The F5 steganography algorithm hides information in images using binary codes. But when hiding a bit, the affected DCT coefficient becomes zero, it is necessary to hide the same bit again. This is because the receiver ignores DCT coefficients with a value of zero, and otherwise would not be able to read that bit. As this phenomenon usually occurs, the capacity is considerably reduced, at the same time as the number of alterations made to the image is increased.

I wonder if there is any way to deal with this problem thus increasing the capacity of the method.


1 Answer 1


The problem of zeros can be solved by using Wet Paper Codes (WPC). WPCs allow you to hide information by marking some elements as "wet", that is, they cannot be modified.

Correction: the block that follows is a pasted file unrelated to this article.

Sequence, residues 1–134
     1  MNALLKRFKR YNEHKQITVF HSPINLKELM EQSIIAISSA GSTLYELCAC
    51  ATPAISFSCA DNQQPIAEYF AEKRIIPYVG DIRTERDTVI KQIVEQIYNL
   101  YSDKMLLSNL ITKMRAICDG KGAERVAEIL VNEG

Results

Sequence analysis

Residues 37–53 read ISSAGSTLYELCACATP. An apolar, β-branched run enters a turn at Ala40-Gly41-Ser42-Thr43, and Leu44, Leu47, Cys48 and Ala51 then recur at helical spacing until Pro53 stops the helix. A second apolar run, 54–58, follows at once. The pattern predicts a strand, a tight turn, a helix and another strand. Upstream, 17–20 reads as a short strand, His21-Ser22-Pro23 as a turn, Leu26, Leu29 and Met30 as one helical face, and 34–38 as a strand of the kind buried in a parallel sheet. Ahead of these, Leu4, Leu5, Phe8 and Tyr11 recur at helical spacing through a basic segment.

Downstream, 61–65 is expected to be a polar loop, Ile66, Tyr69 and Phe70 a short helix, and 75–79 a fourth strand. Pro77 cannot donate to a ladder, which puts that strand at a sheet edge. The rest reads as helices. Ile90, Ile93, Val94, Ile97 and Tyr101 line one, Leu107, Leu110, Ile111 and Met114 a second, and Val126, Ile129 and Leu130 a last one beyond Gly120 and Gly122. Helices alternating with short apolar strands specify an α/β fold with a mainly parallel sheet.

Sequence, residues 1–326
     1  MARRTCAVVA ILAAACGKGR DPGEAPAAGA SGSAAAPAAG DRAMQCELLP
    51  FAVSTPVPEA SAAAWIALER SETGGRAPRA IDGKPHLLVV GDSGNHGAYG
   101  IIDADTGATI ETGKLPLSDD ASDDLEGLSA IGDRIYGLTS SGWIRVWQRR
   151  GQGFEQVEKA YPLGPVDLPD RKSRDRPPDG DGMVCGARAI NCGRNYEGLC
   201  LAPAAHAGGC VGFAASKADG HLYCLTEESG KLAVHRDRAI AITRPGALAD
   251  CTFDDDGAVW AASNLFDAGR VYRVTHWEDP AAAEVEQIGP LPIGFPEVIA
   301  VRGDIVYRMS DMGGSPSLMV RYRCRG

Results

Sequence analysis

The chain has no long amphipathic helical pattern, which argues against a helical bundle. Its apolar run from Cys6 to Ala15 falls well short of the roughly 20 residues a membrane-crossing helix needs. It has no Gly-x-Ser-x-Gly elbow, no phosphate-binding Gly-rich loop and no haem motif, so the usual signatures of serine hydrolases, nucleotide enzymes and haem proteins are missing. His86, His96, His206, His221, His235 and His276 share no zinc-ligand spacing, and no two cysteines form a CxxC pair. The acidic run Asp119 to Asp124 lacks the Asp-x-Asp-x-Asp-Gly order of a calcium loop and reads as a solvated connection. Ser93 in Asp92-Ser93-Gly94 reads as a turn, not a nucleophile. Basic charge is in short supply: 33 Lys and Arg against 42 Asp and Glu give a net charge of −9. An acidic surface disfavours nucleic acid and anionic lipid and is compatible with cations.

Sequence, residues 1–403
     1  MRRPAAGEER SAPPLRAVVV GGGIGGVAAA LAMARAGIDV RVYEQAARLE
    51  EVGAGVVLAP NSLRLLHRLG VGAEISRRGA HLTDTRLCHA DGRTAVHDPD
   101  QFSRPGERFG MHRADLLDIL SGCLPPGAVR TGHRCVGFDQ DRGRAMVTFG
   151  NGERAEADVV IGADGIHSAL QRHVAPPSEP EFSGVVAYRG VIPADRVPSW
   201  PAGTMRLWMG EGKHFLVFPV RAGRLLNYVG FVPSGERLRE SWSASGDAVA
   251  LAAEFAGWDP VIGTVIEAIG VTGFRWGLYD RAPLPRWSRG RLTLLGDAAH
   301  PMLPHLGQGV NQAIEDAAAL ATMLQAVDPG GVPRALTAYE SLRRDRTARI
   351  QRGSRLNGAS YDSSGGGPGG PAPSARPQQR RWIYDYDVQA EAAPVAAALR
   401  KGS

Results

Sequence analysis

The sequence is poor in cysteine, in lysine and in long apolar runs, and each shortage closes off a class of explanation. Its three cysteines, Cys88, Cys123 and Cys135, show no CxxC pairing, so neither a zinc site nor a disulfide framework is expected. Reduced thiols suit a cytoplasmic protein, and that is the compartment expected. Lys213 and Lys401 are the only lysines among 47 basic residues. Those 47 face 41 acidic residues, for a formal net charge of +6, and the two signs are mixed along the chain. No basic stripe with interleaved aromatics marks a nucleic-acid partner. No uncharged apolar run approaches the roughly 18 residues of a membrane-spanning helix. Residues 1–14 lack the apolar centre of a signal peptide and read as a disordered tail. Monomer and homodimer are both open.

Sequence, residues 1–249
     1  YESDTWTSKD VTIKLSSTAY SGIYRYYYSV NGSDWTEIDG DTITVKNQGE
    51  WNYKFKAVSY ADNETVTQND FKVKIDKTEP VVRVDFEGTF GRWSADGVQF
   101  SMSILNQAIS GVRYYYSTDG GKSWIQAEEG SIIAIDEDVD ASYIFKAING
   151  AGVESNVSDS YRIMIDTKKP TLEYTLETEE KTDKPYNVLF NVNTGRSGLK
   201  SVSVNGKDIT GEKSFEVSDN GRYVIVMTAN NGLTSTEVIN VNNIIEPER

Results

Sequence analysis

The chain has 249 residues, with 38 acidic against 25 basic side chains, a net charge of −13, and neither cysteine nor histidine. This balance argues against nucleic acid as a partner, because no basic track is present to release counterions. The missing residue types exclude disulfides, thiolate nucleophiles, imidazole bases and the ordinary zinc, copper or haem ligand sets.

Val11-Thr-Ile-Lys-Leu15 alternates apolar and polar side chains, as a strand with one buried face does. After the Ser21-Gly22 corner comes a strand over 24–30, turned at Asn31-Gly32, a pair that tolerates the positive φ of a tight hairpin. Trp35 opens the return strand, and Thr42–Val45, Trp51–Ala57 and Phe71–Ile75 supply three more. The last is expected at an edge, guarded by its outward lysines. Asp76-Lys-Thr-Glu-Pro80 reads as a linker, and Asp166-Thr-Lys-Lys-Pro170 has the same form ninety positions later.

The interesting thing about this technique is that it does not require the receiver to know what elements have been modified in order to read the message. So he doesn't have to worry about zeros.

This modification of F5 already exists and is known as nsF5.

Also note that today's JPEG steganography algorithms are much more advanced than this. They use cost functions that allow you to indicate how detectable each modification is, combined with advanced embedding schemes that insert a message while minimizing cost. You can refer to J-UNIWARD or J-MiPOD as cost functions and STC as embedding method.


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